Affirmation: Gay & Lesbian Mormons

Affirmation: Gay & Lesbian Mormons is an international organization for gay, lesbian, transgender, bisexual, and intersex people who identify as members or ex-members of The Church of Jesus Christ of Latter-day Saints (LDS Church). Affirmation holds that "homosexuality and homosexual relationships can be consistent with and supported by the Gospel of Jesus Christ.

Under the name Affirmation: Gay Mormons United, the first Affirmation group was organized in Salt Lake City, Utah on June 11, 1977 by Stephan Zakharias and a group of other Mormon and ex-Mormons Gays and Lesbians. It was started after two friends of Zakharias (a gay Brigham Young University student) committed suicide after participating in electric shock therapy experiments administered by BYU's Psychology Department, spearheaded by Dr. D. Eugene Thorne and PhD candidate Max Ford McBride in 1976. The original group struggled to survive until 1978, when Paul Mortensen formed the Los Angeles chapter. Through the influence of the Los Angeles chapter, Affirmation groups appeared in many cities around the country.

Over the decades, Affirmation's consistent goal has been to provide a safe haven for LGBTI people to discuss their sexuality and to make friends. Affirmation has never intended to be a new religion. However in 1985 some members of Affirmation did decide to form a Mormon church for gays and lesbians. Today that church is known as the Restoration Church of Jesus Christ.

Affirmation and the LDS Church

Because of the many actions carried out by Mormon leaders against homosexual behavior, Affirmation has sometimes denounced the LDS Church. Affirmation members have come forward to describe the aversion therapy they were persuaded to undergo in the 1960’s and 1970’s at Brigham Young University, an LDS Church school. In October 1999, some Affirmation members in Salt Lake City protested the LDS Church’s lobbying and funding of initiatives in California and other states to keep the traditional definition of marriage.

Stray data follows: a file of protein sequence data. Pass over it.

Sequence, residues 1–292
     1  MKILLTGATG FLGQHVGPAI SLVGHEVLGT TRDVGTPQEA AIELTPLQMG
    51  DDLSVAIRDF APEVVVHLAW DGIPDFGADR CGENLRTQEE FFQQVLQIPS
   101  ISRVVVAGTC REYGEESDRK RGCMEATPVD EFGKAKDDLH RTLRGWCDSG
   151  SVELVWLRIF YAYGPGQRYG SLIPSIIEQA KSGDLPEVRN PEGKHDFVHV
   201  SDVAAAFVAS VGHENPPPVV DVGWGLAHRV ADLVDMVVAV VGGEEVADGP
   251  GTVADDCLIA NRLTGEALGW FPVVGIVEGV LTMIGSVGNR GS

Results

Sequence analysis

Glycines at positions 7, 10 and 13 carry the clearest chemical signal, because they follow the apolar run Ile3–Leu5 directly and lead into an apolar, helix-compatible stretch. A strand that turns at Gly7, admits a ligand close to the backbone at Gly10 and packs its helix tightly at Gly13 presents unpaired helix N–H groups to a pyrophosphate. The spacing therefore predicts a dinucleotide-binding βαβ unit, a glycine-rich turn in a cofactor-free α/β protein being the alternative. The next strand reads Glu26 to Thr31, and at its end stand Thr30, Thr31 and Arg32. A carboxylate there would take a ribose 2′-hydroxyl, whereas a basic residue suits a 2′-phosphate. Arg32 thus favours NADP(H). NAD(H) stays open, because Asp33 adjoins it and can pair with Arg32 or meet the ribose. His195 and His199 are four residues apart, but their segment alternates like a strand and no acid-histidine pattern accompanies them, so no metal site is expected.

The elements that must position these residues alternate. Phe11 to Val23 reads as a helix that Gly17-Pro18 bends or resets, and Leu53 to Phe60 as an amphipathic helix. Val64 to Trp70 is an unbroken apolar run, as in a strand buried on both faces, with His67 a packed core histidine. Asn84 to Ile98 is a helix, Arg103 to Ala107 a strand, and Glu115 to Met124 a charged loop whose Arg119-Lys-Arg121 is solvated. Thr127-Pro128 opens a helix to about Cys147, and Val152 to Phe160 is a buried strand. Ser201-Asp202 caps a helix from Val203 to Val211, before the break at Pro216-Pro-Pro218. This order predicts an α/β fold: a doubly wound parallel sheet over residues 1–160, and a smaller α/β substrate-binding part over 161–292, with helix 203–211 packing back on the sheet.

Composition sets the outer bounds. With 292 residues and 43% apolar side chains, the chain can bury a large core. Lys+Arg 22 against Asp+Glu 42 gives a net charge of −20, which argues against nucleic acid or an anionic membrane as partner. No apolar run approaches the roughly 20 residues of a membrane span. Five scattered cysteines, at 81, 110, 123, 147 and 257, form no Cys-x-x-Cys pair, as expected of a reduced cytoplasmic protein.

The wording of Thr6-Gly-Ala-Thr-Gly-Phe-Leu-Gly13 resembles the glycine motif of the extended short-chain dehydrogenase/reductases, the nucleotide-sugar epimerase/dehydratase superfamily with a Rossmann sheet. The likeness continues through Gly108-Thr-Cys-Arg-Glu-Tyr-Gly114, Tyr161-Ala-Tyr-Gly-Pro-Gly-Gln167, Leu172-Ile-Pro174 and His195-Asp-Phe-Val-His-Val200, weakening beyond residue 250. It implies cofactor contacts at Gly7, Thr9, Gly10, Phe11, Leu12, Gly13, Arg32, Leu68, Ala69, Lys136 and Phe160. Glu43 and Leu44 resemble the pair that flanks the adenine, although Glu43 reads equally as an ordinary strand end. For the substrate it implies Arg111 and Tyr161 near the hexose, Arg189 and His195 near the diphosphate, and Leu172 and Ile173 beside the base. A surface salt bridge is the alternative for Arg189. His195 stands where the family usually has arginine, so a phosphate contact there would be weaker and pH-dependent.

In February of 2000, the LDS Church spent millions of dollars of church funds and successfully lobbied for passage of a California law defining marriage as between a man and a woman. When gay Mormons committed suicide after February 2000, Affirmation members began to hold suicide vigils around the country to raise awareness about suicide prevention and the destructive consequences of homophobia.

Related organizations

The last decade has seen the formation of other gay Mormon organizations, some are close allies. Gamofites, an organization for gay Mormon fathers, began in 1991. Family Fellowship, an organization for parents of gay and lesbian Mormons, was formed in 1993. LDS Reconciliation() a group of Gay and Lesbian Mormons that was originally started in conjunction with Family Fellowship serves a similar purpose but is focused on gay and lesbian Mormons in the Utah and Idaho areas, rather than worldwide as is Affirmation. The first group for gay Mormon youth, Gay LDS Young Adults, was launched in Salt Lake City in 2001.

With the advent of the Internet, many gay and lesbian Mormons began to participate in Affirmation from overseas, especially in Latin America. In 2001 the first non-English chapter was formed in Mexico City, and later chapters appeared in Santiago (Chile), Valparaíso (Chile), and Puebla (Mexico).

In addition, GALA (Gay and Lesbian Acceptance), the support group for GLBT members of the Independence, Missouri -based Community of Christ (formerly the Reorganized Church of Jesus Christ of Latter Day Saints), was a break off from the Affirmation Chapter in Kansas City, Missouri in the mid-1980s.

Membership and Presence

Affirmation functions through local chapters established mostly in the Inter-mountain West, Chile, and Australia. Approximately 1,000 people are associated with the organization, 300 of whom are dues-paying members. At the head of the organization is an executive committee composed of three members. Annual conferences, held in a different city each year, attract hundreds of members and friends from around the United States and abroad. Affirmation publishes a monthly newsletter, Affinity.

Renowned Gay Mormons

Prominent gay and lesbian Mormons who have been associated with Affirmation include gay activists such as Leonard Matlovich, renowned artists such as Trevor Southey, and popular writers such as Pat Califia.


See also

External links

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